What is the most significant factor, in your opinion, impacting the use of HACCP in foodservice operations?

Diversity within the industry. Varieties in types of operations, menus, culture, language, food safety knowledge, and resources interact synergistically to create a complex environment that will totally frustrate a standardized approach to HACCP.

HACCP is an industry-driven management system and must be flexible enough to meet specific operational needs.

There are seasoned food protection professionals in the regulatory community who fear HACCP amounts to letting "the fox watch the henhouse." This is a real concern that can not be readily discounted. How do you respond to these considerations?

We would not be doing this interview if there wasn't some real concerns on how we communicate the effectiveness of the nation's food safety system to the press and the public. More regulatory inspections will not increase food safety. Food safety is an industry responsibility that extends well beyond the inspection process and requires the implementation of management systems. The regulatory role in this process is to monitor and verify that these food safety systems are operating effectively and to take appropriate action when they are not.

One key concept to HACCP involves empowering front-line employees. Yet according to your own statistics, front-line employees turnover rate is 200%. How can empowerment work?

Last September a survey of the American workforce appeared in the Chicago Tribune which showed that the most significant determinant in the acceptance of one's last job is having responsibility over their work. Without employee involvement in the HACCP process, there will be no commitment. Front-line employees must be given the knowledge, skills, and responsibility for monitoring and verifying food safety within an operation.

Management should provide employees with a clear understanding that food safety is an essential component for achieving organizational goals. Management can demonstrate their commitment to HACCP by providing an opportunity for all employees to receive food safety training, authorizing them to take corrective action when they see food safety criteria are not being met.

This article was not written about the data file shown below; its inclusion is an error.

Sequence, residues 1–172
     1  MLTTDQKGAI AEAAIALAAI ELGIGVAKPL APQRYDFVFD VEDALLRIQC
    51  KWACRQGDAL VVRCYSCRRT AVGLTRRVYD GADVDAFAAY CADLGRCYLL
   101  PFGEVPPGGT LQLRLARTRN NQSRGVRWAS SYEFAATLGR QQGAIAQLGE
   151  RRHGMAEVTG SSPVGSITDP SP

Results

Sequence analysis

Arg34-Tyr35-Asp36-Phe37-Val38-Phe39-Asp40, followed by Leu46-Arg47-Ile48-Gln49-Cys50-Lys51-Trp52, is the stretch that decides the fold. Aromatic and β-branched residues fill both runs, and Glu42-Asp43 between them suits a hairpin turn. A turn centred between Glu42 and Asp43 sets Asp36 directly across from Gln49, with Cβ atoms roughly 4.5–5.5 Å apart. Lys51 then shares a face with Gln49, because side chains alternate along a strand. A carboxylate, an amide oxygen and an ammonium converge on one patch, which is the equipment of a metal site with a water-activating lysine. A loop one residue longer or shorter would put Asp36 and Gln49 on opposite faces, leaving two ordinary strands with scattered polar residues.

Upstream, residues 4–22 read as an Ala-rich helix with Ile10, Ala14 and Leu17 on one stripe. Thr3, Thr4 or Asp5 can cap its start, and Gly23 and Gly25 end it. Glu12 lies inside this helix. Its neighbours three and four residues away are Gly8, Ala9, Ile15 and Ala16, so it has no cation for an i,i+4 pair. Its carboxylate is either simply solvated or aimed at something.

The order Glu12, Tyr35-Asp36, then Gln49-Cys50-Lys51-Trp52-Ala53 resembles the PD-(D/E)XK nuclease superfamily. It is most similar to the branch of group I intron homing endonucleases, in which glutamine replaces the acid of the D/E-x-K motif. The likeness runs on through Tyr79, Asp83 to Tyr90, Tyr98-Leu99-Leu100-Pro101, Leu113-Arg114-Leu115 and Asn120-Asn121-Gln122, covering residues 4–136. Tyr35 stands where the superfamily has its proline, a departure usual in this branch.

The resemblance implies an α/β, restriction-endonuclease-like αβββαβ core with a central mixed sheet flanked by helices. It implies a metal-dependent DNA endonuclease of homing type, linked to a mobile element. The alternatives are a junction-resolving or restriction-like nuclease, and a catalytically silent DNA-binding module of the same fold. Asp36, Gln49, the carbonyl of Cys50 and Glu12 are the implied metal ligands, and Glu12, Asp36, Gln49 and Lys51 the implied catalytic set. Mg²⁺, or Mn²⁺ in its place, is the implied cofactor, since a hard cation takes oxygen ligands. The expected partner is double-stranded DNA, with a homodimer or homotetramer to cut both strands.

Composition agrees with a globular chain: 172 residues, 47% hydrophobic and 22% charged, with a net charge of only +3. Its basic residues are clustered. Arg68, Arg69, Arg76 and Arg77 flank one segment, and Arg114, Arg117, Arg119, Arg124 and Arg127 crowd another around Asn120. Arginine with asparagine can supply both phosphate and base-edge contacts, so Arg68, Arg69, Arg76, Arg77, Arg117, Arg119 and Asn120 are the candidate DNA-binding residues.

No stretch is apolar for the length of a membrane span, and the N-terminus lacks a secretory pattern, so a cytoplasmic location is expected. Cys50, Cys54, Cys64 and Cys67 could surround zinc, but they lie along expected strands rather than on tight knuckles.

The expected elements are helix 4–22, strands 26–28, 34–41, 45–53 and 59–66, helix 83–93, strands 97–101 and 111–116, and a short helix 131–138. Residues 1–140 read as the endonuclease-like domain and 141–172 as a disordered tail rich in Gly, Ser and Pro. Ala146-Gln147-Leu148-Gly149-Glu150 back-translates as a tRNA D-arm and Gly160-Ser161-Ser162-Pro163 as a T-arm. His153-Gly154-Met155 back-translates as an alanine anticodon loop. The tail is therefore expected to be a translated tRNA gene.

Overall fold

How does one hold such a transient workforce accountable, particularly with respect to prevention of a foodborne illness outbreak?

Responsibility for verifying and monitoring food safety should be written into employee job descriptions and be an important part of performance evaluations. Employees food safety responsibilities should be directly related to their work and based on a task analysis.

What do you feel represents our most serious food protection concerns for the future?

The ability of all the stakeholders in food safety to work together to achieve mutual objectives. The entire food system, from point of harvest to the consumer, must be viewed as an interrelated network. Food management systems, based on consistent application of the principles of HACCP, will need to be implemented at all levels of production. These management systems must be driven by food safety criteria, based on the best available science, and be compatible with the operational capabilities of all segments of the industry.

Will we be prepared to confront them?

We are moving from a food inspection system to a food management system. This will be an evolutionary process requiring national organizations committed to food safety to demonstrate leadership through developing alliances that will create an infrastructure for communication, decision-making, and education.

All food safety professionals are participating in a fascinating phenomena!

Thank you, Mr. Marcello, for your time and insight.

Thank you for the opportunity.
COPYRIGHT 1994 National Environmental Health Association
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Article Details
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Publication:Journal of Environmental Health
Article Type:Interview
Date:Jul 1, 1994